Monday, December 22, 2008

Journey to Bethlehem in Advent

Advent 4 - Week of Dec 21, 2 Samuel 7.1-11, 16

And I will appoint a place for my people Israel and will plant them, so that they may live in their own place, and be disturbed no more…

Jewish Zionists cite passages like this one to support their claim to the land of Israel. The most extreme want to see all Palestinians removed, so that the Jews, God’s chosen people, have exclusive possession of the land.

Everyone needs a homeland—a place where they feel safe, where they can protect their homes and raise their children in safety. This has been the stated aim of Israel as they set about building the security wall; they have said they want to protect their settlements from terrorists and to keep the suicide bombers out. In a post-holocaust world, this has seemed understandable to Europeans and Americans, supported by us because of our guilt over they way we stood by while 6 million Jews were herded into ghettos, loaded onto trains, transported to camps and slaughtered. So what is wrong with wanting to protect your family?

Hannah, a hite-haired Jewish grandmother and a volunteer with Machsom Watch, told us that the occupation of Palestinian lands, the security wall and the inhumane treatment of Palestinians at the checkpoints is eating away at the core values of the Jewish people. It is creating a generation of young people numbed to human suffering by their service in the Israeli Army, and it is destroying the fabric of Jewish society. The occupation corrupts and if she does not speak up, her grandchildren will pay the price. Hannah and the other Israeli 500 women who volunteer for Machsom Watch believe that the wall and the checkpoints are not making Israelis safer. Instead it is transforming them into a people who regard the Palestinians as less than human. They are being trained to hate the Palestinians and they are becoming hardened, accepting injustice as the price to be paid for their safety.
The photo shows resistance to the occupation: Graffiti on the Israeli security wall at Abu Dis.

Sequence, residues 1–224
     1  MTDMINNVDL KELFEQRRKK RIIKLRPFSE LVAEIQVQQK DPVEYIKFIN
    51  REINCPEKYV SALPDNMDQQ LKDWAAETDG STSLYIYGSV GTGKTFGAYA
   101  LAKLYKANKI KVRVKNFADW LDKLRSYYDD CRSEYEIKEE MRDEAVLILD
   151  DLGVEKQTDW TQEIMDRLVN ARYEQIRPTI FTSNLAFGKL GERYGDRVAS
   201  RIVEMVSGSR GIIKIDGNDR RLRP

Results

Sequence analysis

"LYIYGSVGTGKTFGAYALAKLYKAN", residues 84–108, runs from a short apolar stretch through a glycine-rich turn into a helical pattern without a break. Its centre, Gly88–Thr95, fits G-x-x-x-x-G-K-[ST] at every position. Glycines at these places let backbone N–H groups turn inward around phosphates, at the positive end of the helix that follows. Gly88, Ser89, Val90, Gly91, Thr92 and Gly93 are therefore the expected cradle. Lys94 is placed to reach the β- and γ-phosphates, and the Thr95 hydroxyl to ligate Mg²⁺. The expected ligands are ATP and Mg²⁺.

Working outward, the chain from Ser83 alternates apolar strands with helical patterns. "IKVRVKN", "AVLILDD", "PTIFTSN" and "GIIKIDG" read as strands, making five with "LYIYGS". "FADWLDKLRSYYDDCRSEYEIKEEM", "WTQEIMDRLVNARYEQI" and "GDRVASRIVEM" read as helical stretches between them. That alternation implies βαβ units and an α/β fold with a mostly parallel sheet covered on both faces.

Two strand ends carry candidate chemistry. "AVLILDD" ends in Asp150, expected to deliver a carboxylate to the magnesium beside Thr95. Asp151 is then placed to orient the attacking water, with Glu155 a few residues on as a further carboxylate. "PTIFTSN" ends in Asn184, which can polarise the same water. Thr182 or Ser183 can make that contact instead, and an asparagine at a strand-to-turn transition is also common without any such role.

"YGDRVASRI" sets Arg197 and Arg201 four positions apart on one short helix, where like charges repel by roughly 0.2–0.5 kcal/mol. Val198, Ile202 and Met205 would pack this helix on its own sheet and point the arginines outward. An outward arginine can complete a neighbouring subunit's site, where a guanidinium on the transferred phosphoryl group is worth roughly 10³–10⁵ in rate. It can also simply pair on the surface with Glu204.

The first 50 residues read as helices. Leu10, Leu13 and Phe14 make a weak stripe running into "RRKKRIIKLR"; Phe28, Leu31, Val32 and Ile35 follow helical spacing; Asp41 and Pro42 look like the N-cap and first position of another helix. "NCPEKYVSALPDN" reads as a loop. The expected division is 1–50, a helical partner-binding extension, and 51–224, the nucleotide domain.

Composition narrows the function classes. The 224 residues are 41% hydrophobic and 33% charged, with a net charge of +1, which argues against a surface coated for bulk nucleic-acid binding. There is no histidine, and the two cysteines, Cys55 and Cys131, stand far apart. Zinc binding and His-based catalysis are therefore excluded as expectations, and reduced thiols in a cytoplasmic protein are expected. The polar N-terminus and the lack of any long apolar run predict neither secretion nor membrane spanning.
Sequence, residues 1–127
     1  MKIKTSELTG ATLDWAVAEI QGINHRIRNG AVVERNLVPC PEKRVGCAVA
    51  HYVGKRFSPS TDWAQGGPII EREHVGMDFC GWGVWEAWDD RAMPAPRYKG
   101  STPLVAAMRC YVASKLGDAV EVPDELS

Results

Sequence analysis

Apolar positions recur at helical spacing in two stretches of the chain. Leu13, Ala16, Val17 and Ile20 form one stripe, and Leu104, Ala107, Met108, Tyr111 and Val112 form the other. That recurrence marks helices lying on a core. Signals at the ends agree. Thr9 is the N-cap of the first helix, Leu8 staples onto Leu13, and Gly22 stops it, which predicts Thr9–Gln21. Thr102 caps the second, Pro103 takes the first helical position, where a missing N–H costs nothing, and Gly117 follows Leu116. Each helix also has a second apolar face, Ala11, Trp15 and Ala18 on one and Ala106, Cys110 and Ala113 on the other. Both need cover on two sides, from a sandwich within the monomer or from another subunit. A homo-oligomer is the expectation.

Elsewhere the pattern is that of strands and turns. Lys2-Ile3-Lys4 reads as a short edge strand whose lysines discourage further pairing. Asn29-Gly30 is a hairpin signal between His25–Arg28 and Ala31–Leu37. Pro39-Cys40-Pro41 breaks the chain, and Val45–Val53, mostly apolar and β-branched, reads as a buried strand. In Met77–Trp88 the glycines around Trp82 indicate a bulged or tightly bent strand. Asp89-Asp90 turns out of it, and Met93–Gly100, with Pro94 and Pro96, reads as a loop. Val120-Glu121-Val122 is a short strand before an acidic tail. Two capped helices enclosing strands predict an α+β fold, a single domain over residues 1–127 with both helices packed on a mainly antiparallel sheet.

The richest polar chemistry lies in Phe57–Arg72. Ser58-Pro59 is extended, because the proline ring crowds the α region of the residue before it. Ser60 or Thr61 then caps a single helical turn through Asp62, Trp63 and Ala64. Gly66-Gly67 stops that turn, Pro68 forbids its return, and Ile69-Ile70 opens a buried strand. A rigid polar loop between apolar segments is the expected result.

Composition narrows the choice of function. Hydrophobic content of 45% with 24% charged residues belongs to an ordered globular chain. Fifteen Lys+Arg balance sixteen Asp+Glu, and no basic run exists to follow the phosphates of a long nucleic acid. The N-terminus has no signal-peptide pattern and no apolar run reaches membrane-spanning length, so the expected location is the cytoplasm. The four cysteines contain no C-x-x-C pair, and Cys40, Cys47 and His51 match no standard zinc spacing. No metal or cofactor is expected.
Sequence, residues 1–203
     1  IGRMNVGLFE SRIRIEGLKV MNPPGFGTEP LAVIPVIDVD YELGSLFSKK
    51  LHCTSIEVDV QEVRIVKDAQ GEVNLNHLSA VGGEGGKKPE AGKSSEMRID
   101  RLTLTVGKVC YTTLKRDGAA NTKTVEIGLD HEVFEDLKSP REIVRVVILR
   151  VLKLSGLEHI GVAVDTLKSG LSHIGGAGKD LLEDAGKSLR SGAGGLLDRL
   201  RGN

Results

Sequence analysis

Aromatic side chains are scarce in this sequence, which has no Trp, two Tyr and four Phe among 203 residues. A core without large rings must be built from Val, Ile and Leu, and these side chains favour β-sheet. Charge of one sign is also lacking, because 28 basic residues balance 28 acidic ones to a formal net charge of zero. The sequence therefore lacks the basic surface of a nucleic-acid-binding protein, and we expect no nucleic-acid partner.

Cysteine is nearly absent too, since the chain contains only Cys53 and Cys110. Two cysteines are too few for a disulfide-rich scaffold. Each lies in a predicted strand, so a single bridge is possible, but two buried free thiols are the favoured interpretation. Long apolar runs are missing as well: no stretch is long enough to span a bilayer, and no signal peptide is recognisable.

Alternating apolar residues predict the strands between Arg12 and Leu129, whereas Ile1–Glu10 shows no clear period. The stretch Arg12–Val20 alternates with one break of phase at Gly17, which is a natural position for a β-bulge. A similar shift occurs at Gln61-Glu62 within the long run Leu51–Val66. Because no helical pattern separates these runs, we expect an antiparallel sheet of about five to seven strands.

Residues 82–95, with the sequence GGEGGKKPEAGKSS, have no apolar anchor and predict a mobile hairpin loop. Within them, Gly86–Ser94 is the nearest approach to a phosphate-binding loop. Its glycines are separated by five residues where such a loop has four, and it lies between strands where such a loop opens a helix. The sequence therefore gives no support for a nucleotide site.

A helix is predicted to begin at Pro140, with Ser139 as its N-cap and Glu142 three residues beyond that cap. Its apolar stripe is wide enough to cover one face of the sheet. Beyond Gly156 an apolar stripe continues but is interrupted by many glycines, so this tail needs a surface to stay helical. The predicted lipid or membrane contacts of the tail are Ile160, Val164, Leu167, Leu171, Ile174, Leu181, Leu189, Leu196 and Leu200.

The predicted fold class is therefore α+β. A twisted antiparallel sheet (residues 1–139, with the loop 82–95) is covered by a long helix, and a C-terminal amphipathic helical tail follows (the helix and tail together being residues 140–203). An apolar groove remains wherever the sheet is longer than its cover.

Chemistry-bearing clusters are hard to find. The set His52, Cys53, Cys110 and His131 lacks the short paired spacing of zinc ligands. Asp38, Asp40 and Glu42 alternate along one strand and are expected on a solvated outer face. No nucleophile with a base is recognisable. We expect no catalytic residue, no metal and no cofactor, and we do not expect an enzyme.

So Hannah spends her days monitoring the checkpoints and writing reports of what she has seen; the women monitor forty checkpoints in Jerusalem and the West Bank. There is nothing in writing—no rules—about how the checkpoints are run. It is up to the individual soldier under the orders of the commander. The soldier may ask for any sort of documentation. Because of international pressure, soldiers no longer beat people at the checkpoints, but they make travel so difficult that many Palestinians simply give up, quit their jobs and leave the country.

Hannah worked with a young Palestinian family whose son needed treatment for cancer in his eye. His parents and his grandmother had not been able to get permits to travel with him for the medical treatment. When they got permission, it was for only for one day, not enough time for the treatment. When they finally got a four-day permit the letter was in Hebrew, which they do not speak. The faxed permit was not good enough for the soldier, who required an original, so Hannah called the commanders of each of the checkpoints they needed to pass and the commanders called ahead to facilitate their passage. She told us this happens every day.

Another time she helped a milkman who had permits for himself and his truck, but he was stopped because, “The milk does not have a permit.” Another man was traveling back from the hospital where he had had his leg amputated. He wanted to bring the leg with him so that it could be buried with him according to Muslim tradition. He spent ten hours at the checkpoint before he was permitted to leave with the leg.

When I asked how she happened to become involved in her work, Hannah told us that she could not do this work until she became a widow. Her husband would not have approved and her children do not support her in this work. But for her, living in peace requires justice for Palestinians.
O Lord our God, you desire peace and safety for all of us—your people. Like Israel, may we, too, be a blessing to all the nations of the world. In the name of your Son, the babe of Bethlehem, Amen.

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